Christmas Bells

Christmas Bells
Christmas Bells - Blandfordia nobilis

Tuesday, February 17, 2009

New Car anyone??

Unsold cars

These photographs are so compelling in their message, that I felt I ought publish them, to spread the word about the Global Financial Crisis and its impact on the consumer market, specifically in vehicle sales (or the lack of them - around the world).

These photographs are unable to be sourced (credited) as they were received anonymously, via email today. Normally I do not publish other people's photographs, but these are unsigned, and in the public area anyway. And I publish them to help you realise quite how bad the global economy is faring.

(Above) Nissan has announced plans to cut its Sunderland workforce by 1,200.
Thousands of unsold cars are stored around the factory's test track

(Above) Honda is halting production at its Swindon plant in April and May, extending the two-month
closure announced before Christmas to four months. Honda and Japanese rival Toyota are both cutting production in Japan and elsewhere. Pictured, Hondas await export at a pier in Tokyo.

(Above) Earlier this week, Jaguar Land Rover said 450 British jobs would go.

(Above) The open car storage areas in Corby , Northamptonshire, are reaching full capacity.

(Above) Imported cars stored at Sheerness open storage are awaiting delivery to dealers.

(Above) Imported cars fill the 150-acre site at the Toyota distribution centre in Long Beach, California.

(Above) The build-up of imported cars at the port of Newark, New Jersey.

(Above) Stocks of Ford trucks in Detroit, Michigan.

(Above) New cars jam the dockside at the port of Valencia in Spain.

(Above) Peugeot cars await shipment to Italian dealers at the port of Civitavecchia.

(Above) Unsold cars at Avonmouth Docks near Bristol.

(Above) With many manufacturers on extended Christmas shutdown, the number of cars rolling off
production lines in December fell 47.5% to just 53,823.

(Above) Thousands of new cars are stored on the runway at the disused
Upper Heyford airbase near Bicester, Oxfordshire
on December 18, 2008.

(Above) Sales of new cars in the UK have slumped to a 12-year-low and production of cars at Honda in Swindon has been halted for a unprecedented four-month period because of the collapse in global sales and represents the longest continuous halt in production at any UK car plant. The announcement comes on a day when the EU's Industry Commissioner Guenter Verheugen warned the outlook for the European car industry was 'brutal' and predicted not all European manufacturers would survive the crisis.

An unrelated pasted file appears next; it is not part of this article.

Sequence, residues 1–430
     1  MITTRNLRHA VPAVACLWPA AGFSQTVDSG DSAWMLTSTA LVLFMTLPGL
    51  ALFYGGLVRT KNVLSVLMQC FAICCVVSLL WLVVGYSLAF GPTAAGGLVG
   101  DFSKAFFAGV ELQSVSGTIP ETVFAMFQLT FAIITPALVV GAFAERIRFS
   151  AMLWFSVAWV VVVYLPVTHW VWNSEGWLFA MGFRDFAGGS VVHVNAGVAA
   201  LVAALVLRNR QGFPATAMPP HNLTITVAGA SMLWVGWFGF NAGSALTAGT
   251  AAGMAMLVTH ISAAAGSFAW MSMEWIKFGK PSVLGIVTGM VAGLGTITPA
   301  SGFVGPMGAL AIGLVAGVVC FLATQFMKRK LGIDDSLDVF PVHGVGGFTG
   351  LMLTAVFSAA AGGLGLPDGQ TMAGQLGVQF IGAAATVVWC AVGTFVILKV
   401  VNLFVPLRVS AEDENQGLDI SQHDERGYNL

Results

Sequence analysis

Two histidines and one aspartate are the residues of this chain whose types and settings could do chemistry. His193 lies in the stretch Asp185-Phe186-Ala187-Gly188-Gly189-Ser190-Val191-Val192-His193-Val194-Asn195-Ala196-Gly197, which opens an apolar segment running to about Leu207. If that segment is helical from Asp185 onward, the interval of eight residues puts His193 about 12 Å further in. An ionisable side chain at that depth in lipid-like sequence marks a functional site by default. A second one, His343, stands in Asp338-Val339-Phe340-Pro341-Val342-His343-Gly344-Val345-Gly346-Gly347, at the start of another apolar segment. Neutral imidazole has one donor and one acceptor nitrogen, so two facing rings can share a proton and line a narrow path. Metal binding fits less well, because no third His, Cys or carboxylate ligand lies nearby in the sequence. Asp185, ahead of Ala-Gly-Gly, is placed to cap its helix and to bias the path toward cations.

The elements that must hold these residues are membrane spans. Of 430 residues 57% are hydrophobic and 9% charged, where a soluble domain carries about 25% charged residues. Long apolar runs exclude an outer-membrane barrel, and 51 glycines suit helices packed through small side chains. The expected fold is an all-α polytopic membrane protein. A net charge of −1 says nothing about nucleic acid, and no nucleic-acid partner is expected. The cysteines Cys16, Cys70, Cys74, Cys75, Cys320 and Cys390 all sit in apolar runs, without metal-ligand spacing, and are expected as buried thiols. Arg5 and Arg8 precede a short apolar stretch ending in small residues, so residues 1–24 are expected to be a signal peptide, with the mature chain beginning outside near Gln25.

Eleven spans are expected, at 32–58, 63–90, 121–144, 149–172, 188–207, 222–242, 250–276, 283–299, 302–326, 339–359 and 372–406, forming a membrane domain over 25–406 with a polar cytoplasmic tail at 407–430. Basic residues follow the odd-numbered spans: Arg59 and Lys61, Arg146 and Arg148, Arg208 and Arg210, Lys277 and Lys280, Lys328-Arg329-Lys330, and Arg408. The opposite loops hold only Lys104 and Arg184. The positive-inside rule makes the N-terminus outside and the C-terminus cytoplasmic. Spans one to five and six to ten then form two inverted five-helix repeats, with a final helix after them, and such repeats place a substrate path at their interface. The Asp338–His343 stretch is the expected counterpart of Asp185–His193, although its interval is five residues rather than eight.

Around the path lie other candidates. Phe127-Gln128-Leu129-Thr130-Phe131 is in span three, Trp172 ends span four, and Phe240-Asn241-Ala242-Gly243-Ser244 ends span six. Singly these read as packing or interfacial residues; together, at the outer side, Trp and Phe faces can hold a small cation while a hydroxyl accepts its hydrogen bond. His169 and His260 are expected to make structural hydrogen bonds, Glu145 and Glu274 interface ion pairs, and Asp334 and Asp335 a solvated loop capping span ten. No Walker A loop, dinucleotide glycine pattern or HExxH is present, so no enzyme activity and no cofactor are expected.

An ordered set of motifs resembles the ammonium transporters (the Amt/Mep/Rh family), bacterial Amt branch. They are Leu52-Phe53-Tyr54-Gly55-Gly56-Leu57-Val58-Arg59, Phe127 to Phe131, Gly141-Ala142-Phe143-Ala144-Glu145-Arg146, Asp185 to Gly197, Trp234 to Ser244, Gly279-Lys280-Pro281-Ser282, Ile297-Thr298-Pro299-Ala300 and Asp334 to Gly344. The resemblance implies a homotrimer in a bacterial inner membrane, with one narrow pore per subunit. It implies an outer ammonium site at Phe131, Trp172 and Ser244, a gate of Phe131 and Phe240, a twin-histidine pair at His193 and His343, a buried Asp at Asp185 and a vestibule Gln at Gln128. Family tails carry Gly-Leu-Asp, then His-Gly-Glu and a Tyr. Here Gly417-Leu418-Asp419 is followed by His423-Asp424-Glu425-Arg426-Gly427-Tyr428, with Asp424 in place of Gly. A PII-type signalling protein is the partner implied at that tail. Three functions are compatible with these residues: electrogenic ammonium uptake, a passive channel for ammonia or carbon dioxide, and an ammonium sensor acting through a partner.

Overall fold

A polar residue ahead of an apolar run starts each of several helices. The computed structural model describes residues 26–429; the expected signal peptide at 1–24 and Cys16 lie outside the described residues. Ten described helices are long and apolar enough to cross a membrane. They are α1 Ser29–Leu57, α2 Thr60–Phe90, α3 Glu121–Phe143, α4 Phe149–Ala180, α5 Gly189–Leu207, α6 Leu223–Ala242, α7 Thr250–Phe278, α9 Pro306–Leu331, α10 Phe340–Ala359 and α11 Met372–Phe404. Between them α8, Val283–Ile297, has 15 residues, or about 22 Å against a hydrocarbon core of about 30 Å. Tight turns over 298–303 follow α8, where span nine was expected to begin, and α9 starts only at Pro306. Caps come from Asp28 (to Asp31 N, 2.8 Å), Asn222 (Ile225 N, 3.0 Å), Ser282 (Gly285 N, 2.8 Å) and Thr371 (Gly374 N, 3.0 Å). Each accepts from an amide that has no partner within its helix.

Have they been reading my blog?
Today this report has appeared in the Australian media:
"GM and Chrysler have said they need as much as $US21.6 billion ($34 billion) in new (US) federal aid, more than doubling what the company has already received from the US Government, and must get cash next month to survive.

"GM has also examined three bankruptcy scenarios, with price tags of as much as $US100 billion, and that all were less- favourable options than a rescue. GM said it plans to close an additional five US plants by 2012 and cut 47,000 jobs globally by the end of 2009.
"GM said it needs at least $US9.1 billion more in aid, or as much as $US16.6 billion should the economy worsen. The biggest US automaker has received $US13.4 billion since December.
"Chrysler, the third largest US automaker, said it needs an additional $US5 billion by March 31 after receiving an initial installment of $US4 billion. Chrysler also said it needs to eliminate an additional 3,000 jobs after shedding 32,000 through the end of last year."
Source: ABC News website 18.2.09


Gouldiae said...

G'day Denis,
Fascinating. Perhaps they could significantly lower their prices do you think?
Actually, our second car just rose in value - yesterday I filled the fuel tank!

mick said...

Wow! Since nobody has said the older cars on our roads have suddenly stopped running you would have to assume that all these new ones were not really needed - except for keeping up with the neighbors expectations!

Tyto Tony said...

All of which makes Rudd's support for jobs in the woeful Australian car 'industry' even more clearly a case of billions for the (union)boys. Similar disturbing factors hover over parts of his $42b rescue package. I'm pro-union, but against propping up Labor's 'friends'.

Denis Wilson said...

Hi Tony, Gouldiae and Mick
Although it is a bit off my usual topic, these images were so compelling as a sign of our times that I felt it warranted to publish them.
Gouldiae. I thought of adding a comment like "Print this page and take it to your local car dealer, if you're shopping for a bargain". You got the point anyway (of course).
Tony, I am afraid you are spot on.
Mick. The Japanese have tax laws which force old (two or three years old only) cars off the roads. That's why there is a thriving industry in second-hand imported cars (in Australia). The cars are perfectly road worthy, but the Japanese system is designed to promote purchase of new cars, to keep Toyota etc alive.
But they are all in serious trouble now.